Well, the final straw came last week that broke the bond between me and my MacBook. Not that I ever felt very bonded to it in the first place. I bought my white 2.0Ghz MacBook in the first week they were released, and boy, was that a mistake. Everyone said, “Don’t buy a first generation Mac product,” but did I listen? I did not. Listen: “Don’t ever buy a first generation Mac product.” Will you listen? I doubt it. Anyway. I wanted an Intel replacement for my beloved iBook, given that I was developing Scrivener and wanted to ensure that it was fully “universal” (that is, ran properly on both PPC and Intel Macs). Or, at least, that was my excuse to my other half. Really, I just wanted a shiny new iBook replacement.
Digression: Aah, my iBook. Now there is a thing of beauty (which said other half now has to herself). Compact (it was the 12″) and damned attractive, I never had a single problem with it – but then, it was one of the last generations of iBooks, and I know there were loads of problems with previous generations (such as the infamous logic board issue). The only problem I ever had with it, in fact, was my children. My children and their nasty little proclivity for grabbing at leads and tugging, which on two separate occasions caused the spike of the power thingy to snap off inside the port of the iBook and necessitate a repair at an Apple store. The first repair was at the horrible Church of Scientology-esque store in central London, where they kept it for weeks and then tried to charge me after telling me they didn’t have to do anything and that the spikey bit must have just fallen out. The second repair was at Bluewater, which has much friendlier (less “computer says no”-esque) staff, but unfortunately they somehow left a loose screw inside the machine which shorted out the never-had-problems-with-it logic board, which then had to be replaced. Anyway, that really was a long digression. The main point is this: that iBook has lasted nearly three years without a single fault.
Digression over – back to the MacBook: The MacBook looked a thing of beauty, too. It really did. And one day, I am pretty sure that MacBooks will be just as beautiful as that iBook. But not yet, I guess. I’ve had that MacBook for eight months, and in that time I have had three faults, two of which are well-known:
- Discolouration – the palm-rests went horribly yellow. It took three repairs and a lot of morons on forums (if there are any bands reading, please feel free to use “Morons on Forums” as your moniker) telling me that I must have dirty hands before that got fixed.
- Random shutdown – after the discolouration issue finally got resolved (mainly because I wrote an angry ranting e-mail to firstname.lastname@example.org and had Corporate Relations sort it out for me), the notorious random shutdown issue raised its ugly head, necessitating a repair.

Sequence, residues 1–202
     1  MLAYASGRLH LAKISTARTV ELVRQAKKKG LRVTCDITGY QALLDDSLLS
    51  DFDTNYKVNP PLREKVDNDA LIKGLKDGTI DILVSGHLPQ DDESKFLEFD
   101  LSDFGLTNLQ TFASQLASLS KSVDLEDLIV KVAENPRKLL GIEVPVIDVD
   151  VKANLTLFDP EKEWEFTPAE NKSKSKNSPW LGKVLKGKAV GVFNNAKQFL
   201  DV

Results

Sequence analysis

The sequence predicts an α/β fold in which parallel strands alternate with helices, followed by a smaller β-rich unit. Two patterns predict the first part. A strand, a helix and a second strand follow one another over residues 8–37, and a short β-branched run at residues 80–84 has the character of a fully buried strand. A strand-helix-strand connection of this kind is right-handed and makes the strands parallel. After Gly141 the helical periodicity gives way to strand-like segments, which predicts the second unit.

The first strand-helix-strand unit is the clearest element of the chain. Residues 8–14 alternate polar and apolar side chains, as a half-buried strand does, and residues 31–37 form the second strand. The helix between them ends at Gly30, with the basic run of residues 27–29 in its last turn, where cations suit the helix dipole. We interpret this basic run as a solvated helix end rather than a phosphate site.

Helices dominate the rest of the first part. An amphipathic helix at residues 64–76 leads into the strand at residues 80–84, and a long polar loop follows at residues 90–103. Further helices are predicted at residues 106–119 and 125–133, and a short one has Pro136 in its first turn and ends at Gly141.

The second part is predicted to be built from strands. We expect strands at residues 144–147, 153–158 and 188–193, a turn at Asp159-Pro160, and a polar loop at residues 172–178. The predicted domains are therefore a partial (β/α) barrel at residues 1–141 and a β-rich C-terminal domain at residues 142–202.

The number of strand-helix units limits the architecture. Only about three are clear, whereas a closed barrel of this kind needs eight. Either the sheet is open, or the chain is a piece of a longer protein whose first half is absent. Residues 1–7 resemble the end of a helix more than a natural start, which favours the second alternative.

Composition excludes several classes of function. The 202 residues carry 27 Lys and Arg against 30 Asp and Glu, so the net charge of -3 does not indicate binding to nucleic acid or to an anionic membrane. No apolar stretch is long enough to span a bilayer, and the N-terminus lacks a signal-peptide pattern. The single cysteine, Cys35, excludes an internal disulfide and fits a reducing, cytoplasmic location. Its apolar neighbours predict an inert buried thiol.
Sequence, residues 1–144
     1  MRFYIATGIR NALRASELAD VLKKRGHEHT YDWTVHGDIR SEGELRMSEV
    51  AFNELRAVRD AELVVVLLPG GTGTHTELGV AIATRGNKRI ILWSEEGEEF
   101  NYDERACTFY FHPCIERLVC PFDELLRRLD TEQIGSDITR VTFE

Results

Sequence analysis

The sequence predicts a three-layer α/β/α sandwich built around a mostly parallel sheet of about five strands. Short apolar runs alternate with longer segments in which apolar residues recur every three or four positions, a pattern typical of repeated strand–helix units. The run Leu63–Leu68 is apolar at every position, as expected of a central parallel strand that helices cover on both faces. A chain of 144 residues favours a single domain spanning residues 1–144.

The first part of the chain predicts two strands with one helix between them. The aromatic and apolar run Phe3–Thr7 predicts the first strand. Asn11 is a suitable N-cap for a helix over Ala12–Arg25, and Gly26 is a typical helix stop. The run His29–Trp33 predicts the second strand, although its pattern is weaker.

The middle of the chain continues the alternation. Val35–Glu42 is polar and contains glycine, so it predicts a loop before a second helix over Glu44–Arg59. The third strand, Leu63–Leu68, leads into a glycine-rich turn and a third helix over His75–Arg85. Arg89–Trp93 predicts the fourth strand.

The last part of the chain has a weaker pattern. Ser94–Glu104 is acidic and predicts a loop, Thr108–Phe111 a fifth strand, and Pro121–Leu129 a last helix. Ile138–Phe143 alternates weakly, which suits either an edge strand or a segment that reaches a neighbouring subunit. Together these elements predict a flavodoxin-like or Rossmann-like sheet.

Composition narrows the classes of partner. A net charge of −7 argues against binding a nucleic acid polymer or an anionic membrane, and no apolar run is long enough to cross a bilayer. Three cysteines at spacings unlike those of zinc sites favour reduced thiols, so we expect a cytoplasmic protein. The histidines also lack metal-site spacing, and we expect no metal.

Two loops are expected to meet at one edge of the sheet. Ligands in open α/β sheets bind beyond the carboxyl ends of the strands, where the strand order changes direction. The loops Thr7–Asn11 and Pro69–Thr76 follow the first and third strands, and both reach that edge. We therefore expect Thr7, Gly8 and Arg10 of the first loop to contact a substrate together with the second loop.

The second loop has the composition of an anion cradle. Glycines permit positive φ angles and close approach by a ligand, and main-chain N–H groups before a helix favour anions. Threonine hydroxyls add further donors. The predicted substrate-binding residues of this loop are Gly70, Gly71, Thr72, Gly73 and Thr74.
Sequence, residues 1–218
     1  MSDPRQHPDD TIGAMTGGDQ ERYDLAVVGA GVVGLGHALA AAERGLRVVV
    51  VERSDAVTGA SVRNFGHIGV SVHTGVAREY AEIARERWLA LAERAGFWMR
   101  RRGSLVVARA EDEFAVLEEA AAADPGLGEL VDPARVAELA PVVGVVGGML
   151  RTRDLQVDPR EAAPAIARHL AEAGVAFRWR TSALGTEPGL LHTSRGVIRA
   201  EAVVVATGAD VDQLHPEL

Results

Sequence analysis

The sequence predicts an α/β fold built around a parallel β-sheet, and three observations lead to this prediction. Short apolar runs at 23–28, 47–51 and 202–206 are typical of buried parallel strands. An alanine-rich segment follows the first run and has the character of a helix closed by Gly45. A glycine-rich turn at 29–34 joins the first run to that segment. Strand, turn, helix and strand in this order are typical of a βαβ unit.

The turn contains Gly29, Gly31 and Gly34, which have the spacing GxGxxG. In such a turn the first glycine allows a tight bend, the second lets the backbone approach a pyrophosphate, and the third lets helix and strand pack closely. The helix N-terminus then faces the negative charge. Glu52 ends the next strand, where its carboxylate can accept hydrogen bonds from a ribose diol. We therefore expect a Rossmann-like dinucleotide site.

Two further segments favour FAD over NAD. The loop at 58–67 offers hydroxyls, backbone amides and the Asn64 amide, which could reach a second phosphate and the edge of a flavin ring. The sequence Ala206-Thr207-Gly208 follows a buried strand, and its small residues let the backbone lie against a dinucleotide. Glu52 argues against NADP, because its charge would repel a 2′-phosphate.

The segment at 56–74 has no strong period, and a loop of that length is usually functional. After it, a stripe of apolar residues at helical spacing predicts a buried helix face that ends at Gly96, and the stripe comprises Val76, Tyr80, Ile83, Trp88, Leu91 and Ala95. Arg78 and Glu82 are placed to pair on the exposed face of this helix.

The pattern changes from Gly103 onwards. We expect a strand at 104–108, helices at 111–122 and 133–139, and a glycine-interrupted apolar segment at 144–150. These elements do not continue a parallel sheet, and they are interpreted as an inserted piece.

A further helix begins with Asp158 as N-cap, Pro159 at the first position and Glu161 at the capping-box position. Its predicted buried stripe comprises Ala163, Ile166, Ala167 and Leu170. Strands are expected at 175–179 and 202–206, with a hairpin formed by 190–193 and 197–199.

- This isn’t very interesting, is it? Well, tough, I need to get it out of my system, and if you’re bored enough to be reading this when I very much doubt you have read the entire Penguin Classics collection then you can’t blame me.
- Most recently, the ethernet port just upped and stopped working, cutting off all access to the internet for me. Brilliant
In all, my eight-month old MacBook has been in for repair four times. The primary school teacher in me would just like to point out that that is an average of once every two months. Once every two months! So much for quality assurance; quality possibly maybe, more like. In eight months, my MacBook has been through:
- Three top cases.
- Two screen bezels.
- One bottom case (which they chipped during the first repair).
- One hard drive (which they found was about to fail during the first repair).
- Two logic boards.
I am reminded of the old philosophical conundrum about a ship that leaves harbour and changes every part on its journey, or, seeing as my son makes me read it to him nearly every bloody night, Thomas Comes to Breakfast, in which Thomas the Tank Engine moans that he has had so many parts changed that he doesn’t know if he is really him anymore.
Anyway. Enough is enough. So I have decided to sell my MacBook as soon as it comes back for repair. Any takers?
I have thus bought myself a lovely new MacBook Pro. Given that the MBPros have been out for nearly a year now and this one is second generation, I am hoping for more luck. It is a beautiful machine, it has to be said. Its design feels more like my old iBook than my accursed MacBook, with the old fashioned keyboard and clasp, the silver makes me feel more important, and the large glossy screen looks beautiful with desktop pictures gleaned from Paxton Prints.
Wish me luck. And don’t ever buy first generation Mac products.